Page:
The good, the bad and the very best
Business people—and the people who work for them—are forever looking for ways to be more efficient, more inspired, more informed. This quartet of books fits the profile: from the stock market to the Internet, business books to problem-solving, each of these titles will edify and entertain.
Problem Solving 101: A Simple Book for Smart People started out as a book for kids. Ken Watanabe, a Yale- and Harvard-educated management consultant for McKinsey and Company, wrote it in 2007 when the Japanese prime minister announced a focus on education via critical thinking skills instead of memorization. Watanabe felt compelled to do his part and created four case studies, or classes (e.g., Rock Bands and Root Causes, Soccer School Pros and Cons) to show how problem-solving tools can be applied to all manner of situations. Watanabe’s friendly, capable tone makes the book an enjoyable read; “tool boxes” and diagrams add clarity; and cute drawings make problem-solving playful. The book was Japan’s top business bestseller of 2007 and now it’s available in English.
How not to succeed in business
Today, we have Bernie Madoff, stock-fraud mastermind of a Ponzi scheme that robbed investors of a reported $50 billion. In the 1990s, there was Jordan Belfort, head of Stratton Oakmont, a Long Island brokerage firm that specialized in “pump-and-dumps”: using Belfort’s scripts, brokers cold-called potential investors and conjured up stories of demand for stocks. The firm then sold the overvalued shares, causing the price to fall and investors to lose their money. But Belfort and his minions made money and spent millions each month on drugs, prostitutes, cars and parties. Belfort chronicled much of this in The Wolf of Wall Street: Stock Market Multimillionaire at 26, Federal Convict at 36. In his follow-up, Catching the Wolf of Wall Street: More Incredible True Stories of Fortunes, Schemes, Parties, and Prison, he tells more tales of lying, cheating and debauchery—and denies responsibility for just about everything. The key themes of the book: things just happen to him; it wasn’t really stealing; did he mention he was married to a model? Despite his rock-hard abs, Belfort cooperates with the FBI; after depositions and recorded meetings with fellow fraudsters, he goes to prison for 22 months, does easy time and befriends Tommy Chong (of Cheech and Chong, who encouraged him to write this book). Oh, and did he mention he was married to a model? This might be a cautionary tale if Belfort were sorry for what he’d done; instead, he’s only sorry he got caught.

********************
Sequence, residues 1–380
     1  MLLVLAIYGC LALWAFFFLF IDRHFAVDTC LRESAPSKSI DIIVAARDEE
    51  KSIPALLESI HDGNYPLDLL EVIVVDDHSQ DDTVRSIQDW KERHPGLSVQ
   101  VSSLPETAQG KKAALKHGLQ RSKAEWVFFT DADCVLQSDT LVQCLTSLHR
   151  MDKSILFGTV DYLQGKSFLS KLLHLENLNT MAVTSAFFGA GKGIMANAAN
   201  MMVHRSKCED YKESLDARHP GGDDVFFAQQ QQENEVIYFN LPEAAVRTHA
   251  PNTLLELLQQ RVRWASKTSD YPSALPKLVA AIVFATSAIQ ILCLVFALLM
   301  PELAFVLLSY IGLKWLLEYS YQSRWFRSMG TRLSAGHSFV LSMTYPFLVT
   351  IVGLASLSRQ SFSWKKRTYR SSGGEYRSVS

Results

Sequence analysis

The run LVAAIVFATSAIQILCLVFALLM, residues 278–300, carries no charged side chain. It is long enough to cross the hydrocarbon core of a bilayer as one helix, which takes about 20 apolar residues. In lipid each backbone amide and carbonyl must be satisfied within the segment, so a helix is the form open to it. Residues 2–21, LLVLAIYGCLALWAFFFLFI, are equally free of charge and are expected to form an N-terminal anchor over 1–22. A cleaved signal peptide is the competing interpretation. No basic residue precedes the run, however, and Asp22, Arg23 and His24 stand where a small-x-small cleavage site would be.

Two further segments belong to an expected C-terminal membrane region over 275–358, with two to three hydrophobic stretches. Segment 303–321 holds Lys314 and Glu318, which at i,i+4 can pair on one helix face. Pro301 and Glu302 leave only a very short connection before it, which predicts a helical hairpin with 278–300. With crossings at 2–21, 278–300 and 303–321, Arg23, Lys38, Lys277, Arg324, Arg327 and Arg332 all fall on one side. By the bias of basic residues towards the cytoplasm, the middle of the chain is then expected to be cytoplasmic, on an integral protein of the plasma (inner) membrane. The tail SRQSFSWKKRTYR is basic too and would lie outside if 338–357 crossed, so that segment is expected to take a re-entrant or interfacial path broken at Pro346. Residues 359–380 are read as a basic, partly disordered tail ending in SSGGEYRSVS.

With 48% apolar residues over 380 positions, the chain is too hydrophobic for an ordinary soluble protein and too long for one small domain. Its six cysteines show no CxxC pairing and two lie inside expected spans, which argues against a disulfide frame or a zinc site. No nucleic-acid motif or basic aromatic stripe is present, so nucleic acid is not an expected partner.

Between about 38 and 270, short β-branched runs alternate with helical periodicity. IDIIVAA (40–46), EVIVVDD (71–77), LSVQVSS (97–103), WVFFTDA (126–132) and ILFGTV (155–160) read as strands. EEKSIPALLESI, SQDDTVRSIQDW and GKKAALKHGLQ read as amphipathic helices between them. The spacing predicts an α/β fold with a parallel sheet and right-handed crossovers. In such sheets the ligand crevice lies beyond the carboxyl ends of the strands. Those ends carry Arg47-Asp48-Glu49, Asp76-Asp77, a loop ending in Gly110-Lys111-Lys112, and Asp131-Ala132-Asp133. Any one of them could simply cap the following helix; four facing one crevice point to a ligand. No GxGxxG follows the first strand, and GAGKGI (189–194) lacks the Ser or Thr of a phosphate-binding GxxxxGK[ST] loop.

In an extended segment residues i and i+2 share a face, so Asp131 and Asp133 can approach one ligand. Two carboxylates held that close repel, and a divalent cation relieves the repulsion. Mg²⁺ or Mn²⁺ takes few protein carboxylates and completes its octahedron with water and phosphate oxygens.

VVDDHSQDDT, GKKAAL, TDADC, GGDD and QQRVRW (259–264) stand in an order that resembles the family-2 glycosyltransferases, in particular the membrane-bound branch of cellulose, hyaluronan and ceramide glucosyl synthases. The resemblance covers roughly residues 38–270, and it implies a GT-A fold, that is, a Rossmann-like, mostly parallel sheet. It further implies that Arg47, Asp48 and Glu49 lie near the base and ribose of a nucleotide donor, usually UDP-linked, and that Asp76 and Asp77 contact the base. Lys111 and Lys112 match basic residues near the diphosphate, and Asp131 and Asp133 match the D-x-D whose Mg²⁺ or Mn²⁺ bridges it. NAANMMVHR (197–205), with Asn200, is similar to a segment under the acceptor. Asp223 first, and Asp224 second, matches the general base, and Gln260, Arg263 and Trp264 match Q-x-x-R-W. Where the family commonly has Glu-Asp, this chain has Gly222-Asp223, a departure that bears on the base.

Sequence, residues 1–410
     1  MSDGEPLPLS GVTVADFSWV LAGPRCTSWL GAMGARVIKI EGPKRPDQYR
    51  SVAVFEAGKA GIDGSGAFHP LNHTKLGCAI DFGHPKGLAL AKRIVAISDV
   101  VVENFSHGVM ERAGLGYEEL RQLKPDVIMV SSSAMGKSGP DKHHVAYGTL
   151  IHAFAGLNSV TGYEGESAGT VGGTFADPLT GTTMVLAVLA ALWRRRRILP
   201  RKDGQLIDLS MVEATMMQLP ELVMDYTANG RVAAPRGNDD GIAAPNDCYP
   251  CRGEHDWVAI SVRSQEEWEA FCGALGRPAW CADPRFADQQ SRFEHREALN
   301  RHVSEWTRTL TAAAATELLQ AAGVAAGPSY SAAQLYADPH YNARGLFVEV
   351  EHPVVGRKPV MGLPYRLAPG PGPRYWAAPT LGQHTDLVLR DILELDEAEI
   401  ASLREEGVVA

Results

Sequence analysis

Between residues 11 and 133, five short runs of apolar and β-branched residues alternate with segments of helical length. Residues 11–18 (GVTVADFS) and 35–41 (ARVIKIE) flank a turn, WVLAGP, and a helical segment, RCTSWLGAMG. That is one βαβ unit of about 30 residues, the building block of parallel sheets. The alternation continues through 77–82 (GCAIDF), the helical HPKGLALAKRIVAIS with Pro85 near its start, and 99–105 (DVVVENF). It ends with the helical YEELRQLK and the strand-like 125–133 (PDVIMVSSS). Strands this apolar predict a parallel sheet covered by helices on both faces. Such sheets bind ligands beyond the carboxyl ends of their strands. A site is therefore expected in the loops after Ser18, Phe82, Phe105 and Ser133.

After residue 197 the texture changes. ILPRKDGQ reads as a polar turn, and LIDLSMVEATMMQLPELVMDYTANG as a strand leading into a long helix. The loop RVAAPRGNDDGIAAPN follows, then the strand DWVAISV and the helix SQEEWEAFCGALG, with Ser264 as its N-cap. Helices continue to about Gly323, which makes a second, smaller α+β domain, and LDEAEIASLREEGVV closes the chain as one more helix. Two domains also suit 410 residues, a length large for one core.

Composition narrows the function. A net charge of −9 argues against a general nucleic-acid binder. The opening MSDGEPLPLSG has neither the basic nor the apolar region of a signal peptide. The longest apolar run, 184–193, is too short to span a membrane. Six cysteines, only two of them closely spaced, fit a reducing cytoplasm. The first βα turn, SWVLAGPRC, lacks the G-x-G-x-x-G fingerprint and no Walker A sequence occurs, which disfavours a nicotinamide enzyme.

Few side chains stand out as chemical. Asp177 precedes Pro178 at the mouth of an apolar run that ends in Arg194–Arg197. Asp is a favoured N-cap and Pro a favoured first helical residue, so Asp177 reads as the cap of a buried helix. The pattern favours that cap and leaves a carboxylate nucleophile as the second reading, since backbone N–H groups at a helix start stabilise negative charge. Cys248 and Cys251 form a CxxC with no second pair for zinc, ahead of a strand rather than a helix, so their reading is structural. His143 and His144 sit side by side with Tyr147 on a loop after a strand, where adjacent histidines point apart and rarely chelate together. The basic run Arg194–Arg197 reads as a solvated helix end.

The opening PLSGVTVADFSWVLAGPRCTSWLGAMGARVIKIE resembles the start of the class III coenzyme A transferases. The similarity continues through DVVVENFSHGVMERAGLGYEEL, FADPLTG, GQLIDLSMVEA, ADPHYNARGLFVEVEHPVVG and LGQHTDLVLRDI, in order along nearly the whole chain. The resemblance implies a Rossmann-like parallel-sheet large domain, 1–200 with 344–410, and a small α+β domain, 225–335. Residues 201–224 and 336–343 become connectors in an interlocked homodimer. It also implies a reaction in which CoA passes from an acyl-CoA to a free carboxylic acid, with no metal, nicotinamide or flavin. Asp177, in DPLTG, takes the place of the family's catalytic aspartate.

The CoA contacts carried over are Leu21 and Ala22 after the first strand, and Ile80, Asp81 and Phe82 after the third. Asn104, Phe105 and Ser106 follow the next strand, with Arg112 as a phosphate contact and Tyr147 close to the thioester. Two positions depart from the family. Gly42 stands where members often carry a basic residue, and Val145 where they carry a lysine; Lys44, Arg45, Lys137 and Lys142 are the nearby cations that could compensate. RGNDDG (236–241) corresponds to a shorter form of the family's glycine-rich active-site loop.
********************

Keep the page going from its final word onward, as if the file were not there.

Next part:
In keeping with their successful business model for 800-CEO-READ, which markets business books to businesses (the website offers top picks and reviews, plus links to order single or bulk copies), company founder and president Jack Covert and vice president Todd Sattersten have compiled The 100 Best Business Books of All Time: What They Say, Why They Matter, and How They Can Help You. It’s a busy executive’s dream: must-read titles are categorized so readers can concentrate on books that meet their needs (Leadership, Entrepreneurship, Big Ideas). “Where to Next?” items after each review suggest further reading, and sidebars recommend movies or offer inspiration via quotes. This is an excellent resource for anyone curious about business books but overwhelmed by all the choices.
We’re all friends here
MySpace has been in the news a lot these last few years, from unsigned musicians who found success via its pages to the rise of competitor Facebook. In Stealing MySpace: The Battle to Control the Most Popular Website in America, Pulitzer Prize-winning Wall Street Journal reporter Julia Angwin takes readers on a tour of the history and business battles behind the scenes of the cultural phenomenon. Founders Chris DeWolfe and Tom Anderson launched MySpace in 2003, and sold it to Rupert Murdoch’s News Corporation in mid-2005 for almost $600 million. In the intervening years, the site’s founders and employees alternately struggled and succeeded as they learned how to manage burgeoning popularity (41.8 billion page views per month) and legal issues (spyware, use of the site by minors, and more). Angwin skillfully blends personal sagas with business dramas, which makes for a fascinating, entertaining read.